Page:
7 Days in Memphis, Peter Gallagher (2005, Epic)

Best known for his supporting roles in such films as While You Were Sleeping, the criminally underrated Bill Murray comedy The Man Who Knew Too Little, American Beauty, and Sex, Lies and Videotape and the small-screen teen drama The O.C. (and, of course, his famous ever-distinctive eyebrows), Gallagher unexpectedly took a crack in 2005 at making his own soul-pop album, heading down to the legendary Ardent Studios and even getting Steve Cropper to serve as leader of his backing band for the record. There is no original material here, but then, there’s no need for there to be – Gallagher turns out to be such a surprisingly strong, soulful, and nuanced singer and injects such freshness into these songs – including the Casinos’ “Then You Can Tell Me Goodbye,” Solomon Burke’s “Don’t Give Up on Me” Leon Russell’s “A Song for You,” Gary Moore’s “Still Got the Blues,” and Sam & Dave’s “When Something Is Wrong with My Baby” – that you nearly forget that some of these songs are covers and simply marvel at the passion Gallagher has brought to the table here.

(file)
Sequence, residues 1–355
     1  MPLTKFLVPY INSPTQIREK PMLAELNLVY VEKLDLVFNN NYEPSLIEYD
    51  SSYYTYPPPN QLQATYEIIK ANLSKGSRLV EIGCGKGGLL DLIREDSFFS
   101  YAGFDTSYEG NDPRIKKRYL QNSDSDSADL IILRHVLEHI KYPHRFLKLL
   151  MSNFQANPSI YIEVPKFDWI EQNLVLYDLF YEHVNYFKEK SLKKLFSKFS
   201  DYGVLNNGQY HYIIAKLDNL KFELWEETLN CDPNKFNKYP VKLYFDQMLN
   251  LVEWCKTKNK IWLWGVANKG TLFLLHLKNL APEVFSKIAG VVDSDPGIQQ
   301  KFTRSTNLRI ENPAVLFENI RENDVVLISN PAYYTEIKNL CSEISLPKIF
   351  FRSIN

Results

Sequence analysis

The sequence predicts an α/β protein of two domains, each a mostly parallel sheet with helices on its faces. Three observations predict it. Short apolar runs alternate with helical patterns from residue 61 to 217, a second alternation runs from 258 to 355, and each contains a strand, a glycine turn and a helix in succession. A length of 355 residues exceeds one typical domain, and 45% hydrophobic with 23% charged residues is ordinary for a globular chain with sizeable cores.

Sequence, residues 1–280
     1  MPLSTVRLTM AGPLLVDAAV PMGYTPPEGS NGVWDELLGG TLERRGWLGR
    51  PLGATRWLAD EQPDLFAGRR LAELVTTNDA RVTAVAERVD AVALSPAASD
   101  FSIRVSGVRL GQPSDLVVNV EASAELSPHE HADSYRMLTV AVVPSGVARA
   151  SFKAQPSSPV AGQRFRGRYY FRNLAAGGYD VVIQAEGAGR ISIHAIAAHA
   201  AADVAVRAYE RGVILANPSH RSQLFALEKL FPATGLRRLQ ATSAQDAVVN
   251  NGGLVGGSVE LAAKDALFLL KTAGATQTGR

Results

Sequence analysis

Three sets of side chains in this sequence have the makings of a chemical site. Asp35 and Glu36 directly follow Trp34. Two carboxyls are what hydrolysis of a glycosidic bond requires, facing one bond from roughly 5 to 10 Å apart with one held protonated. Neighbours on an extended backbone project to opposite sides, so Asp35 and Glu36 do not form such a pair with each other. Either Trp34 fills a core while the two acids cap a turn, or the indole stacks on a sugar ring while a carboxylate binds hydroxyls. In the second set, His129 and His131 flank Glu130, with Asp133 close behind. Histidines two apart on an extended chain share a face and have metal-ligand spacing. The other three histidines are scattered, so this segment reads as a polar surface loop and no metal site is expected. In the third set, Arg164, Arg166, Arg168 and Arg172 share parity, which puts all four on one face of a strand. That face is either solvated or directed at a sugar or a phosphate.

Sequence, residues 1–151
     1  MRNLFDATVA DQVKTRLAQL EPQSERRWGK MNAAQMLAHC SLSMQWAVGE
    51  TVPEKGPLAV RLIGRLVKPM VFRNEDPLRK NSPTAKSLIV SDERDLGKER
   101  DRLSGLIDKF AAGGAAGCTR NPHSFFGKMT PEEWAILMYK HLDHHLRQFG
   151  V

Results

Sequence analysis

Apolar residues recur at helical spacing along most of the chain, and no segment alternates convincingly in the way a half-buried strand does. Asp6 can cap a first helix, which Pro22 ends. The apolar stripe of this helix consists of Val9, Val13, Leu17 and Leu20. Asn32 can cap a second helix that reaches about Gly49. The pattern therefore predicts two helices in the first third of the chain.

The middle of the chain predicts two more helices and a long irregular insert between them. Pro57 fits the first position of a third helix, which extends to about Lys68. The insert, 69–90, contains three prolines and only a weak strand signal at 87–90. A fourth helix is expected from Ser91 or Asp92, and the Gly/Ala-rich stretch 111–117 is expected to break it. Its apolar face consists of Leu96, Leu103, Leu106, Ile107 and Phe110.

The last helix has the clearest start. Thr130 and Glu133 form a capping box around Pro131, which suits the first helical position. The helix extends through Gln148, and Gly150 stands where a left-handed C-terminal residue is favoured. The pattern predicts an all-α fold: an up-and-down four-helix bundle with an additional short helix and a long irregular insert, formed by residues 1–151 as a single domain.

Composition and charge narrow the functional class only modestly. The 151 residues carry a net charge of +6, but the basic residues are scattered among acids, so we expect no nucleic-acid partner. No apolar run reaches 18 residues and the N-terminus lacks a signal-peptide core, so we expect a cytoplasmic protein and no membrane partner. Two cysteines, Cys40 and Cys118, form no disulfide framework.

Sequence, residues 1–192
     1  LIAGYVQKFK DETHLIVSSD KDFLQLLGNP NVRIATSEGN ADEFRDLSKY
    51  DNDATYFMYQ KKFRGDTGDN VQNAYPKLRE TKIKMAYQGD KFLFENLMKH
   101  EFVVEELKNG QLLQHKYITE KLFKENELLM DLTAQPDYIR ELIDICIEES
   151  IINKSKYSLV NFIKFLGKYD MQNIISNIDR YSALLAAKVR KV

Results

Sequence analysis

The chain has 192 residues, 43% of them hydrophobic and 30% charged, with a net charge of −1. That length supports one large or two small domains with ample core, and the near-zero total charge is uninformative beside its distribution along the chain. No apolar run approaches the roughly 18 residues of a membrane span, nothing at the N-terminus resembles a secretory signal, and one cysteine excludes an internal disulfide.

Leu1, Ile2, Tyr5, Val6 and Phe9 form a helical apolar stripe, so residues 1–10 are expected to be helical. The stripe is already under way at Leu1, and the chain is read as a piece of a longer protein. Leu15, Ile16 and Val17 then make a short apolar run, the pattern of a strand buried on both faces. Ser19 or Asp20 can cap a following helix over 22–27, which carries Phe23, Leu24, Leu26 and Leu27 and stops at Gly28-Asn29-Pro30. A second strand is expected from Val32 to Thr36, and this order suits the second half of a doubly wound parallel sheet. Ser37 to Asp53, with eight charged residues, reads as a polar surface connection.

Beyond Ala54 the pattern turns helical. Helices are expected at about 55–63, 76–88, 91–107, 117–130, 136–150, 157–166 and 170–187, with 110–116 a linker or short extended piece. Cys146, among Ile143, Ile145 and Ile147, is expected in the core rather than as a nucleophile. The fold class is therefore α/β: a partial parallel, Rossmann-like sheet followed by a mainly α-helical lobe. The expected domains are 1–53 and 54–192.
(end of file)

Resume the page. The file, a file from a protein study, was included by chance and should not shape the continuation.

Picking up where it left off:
Seastories, Minnie Driver (2007, Zoe/Rounder)

Unlike, say, Zooey Deschanel (star of The New Girl and one-half of the duo She & Him with M. Ward) and Scarlett Johansson (who stunned audiences everywhere by dropping a full-length of Tom Waits covers), Minnie Driver hasn’t received much in the way of critical respect or cult fandom as a recording artist, never mind commercial success. Nonetheless, she's arguably a more appealing vocalist than either, and the star of such delightful films as Good Will Hunting, Return to Me, and the offbeat comedy Grosse Pointe Blank has quietly released a tasteful trilogy of easygoing, dreamy alt-country discs that have found her collaborating with such respectable talents as Ryan Adams and Liz Phair. This is arguably the best of her three discs, sporting such appealing tunes as “Stars and Satellites” and “How to Be Good.”